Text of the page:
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Annapolis, MD, United States

Castro M.S.,University of Maryland Center for Environmental science | Sherwell J.,Power Plant Research Program
Environmental Science and Technology | Year: 2015

Coal-fired power plants in the United States are required to reduce their emissions of mercury (Hg) into the atmosphere to lower the exposure of Hg to humans. The effectiveness of power-plant emission controls on the atmospheric concentrations of Hg in the United States is largely unknown because there are few long-term high-quality atmospheric Hg data sets. Here, we present the atmospheric concentrations of Hg and sulfur dioxide (SO2) measured from 2006 to 2015 at a relatively pristine location in western Maryland that is several (>50 km) kilometers downwind of power plants in Ohio, Pennsylvania, and West Virginia. Annual average atmospheric concentrations of gaseous oxidized mercury (GOM), SO2, fine particulate mercury (PBM2.5), and gaseous elemental mercury (GEM) declined by 75%, 75%, 43%, and 13%, respectively, and were strongly correlated with power-plant Hg emissions from the upwind states. These results provide compelling evidence that reductions in Hg emissions from power plants in the United States had their intended impact to reduce regional Hg pollution. © 2015 American Chemical Society. Source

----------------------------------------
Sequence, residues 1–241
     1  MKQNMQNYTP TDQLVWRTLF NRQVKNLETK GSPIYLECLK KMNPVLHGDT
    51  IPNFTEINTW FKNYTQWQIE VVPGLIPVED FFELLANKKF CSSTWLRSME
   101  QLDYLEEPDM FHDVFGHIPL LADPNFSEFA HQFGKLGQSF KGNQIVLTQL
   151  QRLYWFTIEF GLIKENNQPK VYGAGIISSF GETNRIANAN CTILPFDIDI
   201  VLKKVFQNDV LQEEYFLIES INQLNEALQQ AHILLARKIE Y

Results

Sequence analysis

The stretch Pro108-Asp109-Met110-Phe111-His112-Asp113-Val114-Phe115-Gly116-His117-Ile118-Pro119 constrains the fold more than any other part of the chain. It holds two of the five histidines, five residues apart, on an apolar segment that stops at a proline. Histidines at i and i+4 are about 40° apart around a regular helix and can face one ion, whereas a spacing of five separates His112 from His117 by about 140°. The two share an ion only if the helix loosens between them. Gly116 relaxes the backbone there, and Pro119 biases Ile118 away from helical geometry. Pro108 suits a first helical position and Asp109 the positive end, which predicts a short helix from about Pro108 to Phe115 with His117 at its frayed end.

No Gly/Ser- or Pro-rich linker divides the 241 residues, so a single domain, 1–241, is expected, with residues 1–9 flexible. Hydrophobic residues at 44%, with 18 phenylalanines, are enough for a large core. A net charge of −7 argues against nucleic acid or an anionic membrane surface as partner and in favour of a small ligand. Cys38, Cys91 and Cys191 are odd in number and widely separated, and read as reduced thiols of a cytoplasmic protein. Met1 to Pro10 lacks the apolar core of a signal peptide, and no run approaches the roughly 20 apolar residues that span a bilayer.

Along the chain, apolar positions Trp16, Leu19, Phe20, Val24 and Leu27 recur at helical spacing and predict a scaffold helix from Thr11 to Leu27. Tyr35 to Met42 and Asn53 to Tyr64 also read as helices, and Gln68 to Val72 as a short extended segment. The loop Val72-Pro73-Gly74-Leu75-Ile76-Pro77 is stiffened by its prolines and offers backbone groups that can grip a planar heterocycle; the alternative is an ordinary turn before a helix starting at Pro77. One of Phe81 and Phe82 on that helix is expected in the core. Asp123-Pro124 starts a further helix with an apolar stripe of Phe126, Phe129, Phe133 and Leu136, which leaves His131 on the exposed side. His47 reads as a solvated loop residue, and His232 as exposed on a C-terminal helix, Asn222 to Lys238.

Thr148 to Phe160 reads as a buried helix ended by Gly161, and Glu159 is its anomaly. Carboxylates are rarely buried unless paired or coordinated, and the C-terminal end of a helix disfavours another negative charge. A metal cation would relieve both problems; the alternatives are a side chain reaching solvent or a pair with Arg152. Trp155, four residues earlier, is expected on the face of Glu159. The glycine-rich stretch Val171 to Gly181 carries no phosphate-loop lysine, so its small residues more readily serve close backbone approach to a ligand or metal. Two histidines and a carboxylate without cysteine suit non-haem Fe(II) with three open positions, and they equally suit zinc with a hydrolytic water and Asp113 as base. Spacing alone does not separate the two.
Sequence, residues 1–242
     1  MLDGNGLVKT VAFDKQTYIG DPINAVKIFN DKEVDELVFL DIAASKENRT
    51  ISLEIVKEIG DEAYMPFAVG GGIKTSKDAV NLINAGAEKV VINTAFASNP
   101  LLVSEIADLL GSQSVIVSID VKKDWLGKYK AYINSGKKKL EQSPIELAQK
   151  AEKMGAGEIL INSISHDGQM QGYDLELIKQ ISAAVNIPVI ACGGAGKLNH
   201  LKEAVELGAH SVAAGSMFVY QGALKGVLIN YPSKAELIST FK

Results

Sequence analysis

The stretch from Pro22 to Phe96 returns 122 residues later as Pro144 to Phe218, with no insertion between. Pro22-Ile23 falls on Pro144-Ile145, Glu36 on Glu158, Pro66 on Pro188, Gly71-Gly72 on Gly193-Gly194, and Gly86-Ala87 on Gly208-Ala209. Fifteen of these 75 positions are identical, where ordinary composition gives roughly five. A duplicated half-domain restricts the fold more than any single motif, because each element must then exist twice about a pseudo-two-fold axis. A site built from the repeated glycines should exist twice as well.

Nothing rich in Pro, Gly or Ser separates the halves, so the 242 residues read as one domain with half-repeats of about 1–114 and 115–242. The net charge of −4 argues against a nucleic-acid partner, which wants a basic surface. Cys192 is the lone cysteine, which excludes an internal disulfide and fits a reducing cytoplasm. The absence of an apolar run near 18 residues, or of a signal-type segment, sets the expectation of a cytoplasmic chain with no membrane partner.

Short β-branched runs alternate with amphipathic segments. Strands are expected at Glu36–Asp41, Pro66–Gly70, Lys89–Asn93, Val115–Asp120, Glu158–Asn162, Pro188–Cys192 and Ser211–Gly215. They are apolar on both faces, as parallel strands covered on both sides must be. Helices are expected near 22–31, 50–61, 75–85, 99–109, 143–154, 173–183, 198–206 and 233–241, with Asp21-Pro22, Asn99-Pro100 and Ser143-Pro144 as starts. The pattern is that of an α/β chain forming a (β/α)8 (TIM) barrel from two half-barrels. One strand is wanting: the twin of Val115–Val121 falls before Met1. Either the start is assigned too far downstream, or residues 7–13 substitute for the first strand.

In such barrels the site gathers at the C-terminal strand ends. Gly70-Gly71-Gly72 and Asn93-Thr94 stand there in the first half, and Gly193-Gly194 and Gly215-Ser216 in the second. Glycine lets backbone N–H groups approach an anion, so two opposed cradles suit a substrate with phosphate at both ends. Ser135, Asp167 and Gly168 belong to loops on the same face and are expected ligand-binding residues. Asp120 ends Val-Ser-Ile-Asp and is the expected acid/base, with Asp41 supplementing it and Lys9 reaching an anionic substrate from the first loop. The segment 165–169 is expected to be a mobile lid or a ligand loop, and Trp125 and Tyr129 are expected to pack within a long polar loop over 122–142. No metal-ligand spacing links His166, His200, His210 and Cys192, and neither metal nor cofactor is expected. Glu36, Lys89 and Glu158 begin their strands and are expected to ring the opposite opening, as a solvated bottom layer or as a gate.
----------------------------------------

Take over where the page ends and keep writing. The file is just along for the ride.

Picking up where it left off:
Sherwell J.,Power Plant Research Program
Proceedings of the Air and Waste Management Association's Annual Conference and Exhibition, AWMA | Year: 2014

Studies by the DOE have shown that the US offshore wind resource is very large with a potential of 900,000 Mw and that its utilization could contribute significantly to electricity supply while reducing reliance on fossil fuels. As with all emerging technologies, offshore wind power will need policy consistency at the federal level. There is a lot of technical and permitting support offered by the federal government but financial incentives seem to be lacking, especially in the light of current climate change mitigation proposals. The current business climate has not been conducive to development in the offshore realm but policies at both the state and federal level are being crafted to enable projects, but challenges remain. Offshore windpower enablement and the challenging issues to the offshore wind power industry are discussed. This is an abstract of a paper presented at the AWMA's 107th Annual Conference & Exhibition (Long Beach, CA 6/24-27/2014). Source


Redling K.,University of Pittsburgh | Elliott E.,University of Pittsburgh | Bain D.,University of Pittsburgh | Sherwell J.,Power Plant Research Program
Biogeochemistry | Year: 2013